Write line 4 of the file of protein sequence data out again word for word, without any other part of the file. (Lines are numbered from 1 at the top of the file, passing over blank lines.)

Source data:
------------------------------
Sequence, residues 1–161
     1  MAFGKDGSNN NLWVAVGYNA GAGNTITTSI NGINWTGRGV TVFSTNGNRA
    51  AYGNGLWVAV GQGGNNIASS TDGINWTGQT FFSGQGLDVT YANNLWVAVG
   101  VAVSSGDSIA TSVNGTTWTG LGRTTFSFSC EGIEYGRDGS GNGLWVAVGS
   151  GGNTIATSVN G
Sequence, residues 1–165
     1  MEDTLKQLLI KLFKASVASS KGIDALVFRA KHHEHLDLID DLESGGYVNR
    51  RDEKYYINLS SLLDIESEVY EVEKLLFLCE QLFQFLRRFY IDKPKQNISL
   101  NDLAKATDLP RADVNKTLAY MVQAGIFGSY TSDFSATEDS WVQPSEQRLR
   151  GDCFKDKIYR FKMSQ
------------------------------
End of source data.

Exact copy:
   101  VAVSSGDSIA TSVNGTTWTG LGRTTFSFSC EGIEYGRDGS GNGLWVAVGS